On July 10, 2017, the Consumer Financial Protection Bureau (CFPB) finalized its rule to restore consumers’ right to join together in challenging financial fraud and scams in court.
The result of five years of careful study and consideration, the rule as proposed would restrict the financial industry’s use of forced arbitration – a tactic Wall Street banks and payday lenders use to block consumers from challenging illegal behavior in court.
Corporate attorneys bury “ripoff clauses” in the fine print of financial contracts to evade public accountability for charges of fraud and lawbreaking by forcing consumers into secret arbitration proceedings rigged in the banks’ favor. These clauses often ban class action lawsuits as well, leaving consumers unable to challenge widespread misconduct since it is often too expensive to pursue small-dollar disputes one-by-one in arbitration. Wells Fargo has repeatedly invoked ripoff clauses in legitimate account contracts to block customers from suing together over fraudulent accounts, and the practice helped the bank hide its misconduct for years.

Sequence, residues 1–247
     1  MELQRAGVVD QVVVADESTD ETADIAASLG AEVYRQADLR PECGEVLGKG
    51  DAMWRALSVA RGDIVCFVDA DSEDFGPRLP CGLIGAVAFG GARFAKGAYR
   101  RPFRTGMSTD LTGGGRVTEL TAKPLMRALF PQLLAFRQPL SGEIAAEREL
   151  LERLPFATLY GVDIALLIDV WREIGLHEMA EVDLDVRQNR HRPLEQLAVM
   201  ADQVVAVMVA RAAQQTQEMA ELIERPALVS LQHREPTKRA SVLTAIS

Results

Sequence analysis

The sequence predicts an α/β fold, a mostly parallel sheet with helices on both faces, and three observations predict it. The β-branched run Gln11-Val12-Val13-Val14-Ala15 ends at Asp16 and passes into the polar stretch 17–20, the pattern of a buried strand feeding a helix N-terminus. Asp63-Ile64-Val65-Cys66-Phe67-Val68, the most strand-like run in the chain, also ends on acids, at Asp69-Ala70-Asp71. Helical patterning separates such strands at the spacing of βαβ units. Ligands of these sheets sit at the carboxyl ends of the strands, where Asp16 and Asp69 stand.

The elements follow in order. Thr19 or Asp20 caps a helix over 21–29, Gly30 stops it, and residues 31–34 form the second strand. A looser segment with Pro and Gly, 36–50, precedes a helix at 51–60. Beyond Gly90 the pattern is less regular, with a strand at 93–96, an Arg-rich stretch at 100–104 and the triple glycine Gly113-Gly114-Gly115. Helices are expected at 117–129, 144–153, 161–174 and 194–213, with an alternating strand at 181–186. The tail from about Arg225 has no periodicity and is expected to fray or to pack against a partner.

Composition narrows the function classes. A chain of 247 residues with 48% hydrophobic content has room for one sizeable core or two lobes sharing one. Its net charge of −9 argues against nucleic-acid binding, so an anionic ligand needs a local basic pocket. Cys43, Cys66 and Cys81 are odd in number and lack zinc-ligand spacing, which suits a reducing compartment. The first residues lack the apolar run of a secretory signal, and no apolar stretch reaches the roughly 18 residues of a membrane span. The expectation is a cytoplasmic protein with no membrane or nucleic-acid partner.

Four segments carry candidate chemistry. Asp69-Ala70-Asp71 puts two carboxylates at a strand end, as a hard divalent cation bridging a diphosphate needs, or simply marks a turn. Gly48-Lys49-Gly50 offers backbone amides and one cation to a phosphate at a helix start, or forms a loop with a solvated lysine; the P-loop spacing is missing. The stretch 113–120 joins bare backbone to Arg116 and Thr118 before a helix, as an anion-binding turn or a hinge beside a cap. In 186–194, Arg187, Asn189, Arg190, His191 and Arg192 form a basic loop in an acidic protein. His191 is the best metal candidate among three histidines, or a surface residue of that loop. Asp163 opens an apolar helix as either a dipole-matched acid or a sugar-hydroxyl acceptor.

While the CFPB took a more modest approach rather than banning all forms of forced arbitration, the rule restores consumers’ right to join together in class action lawsuits and returns transparency to individual arbitration by establishing a public record of claims and outcomes. During the public comment period last August, Stoll Berne joined with 280 consumer, civil rights, labor, and community groups and more than 100,000 individual consumers across the country to support the proposed rule.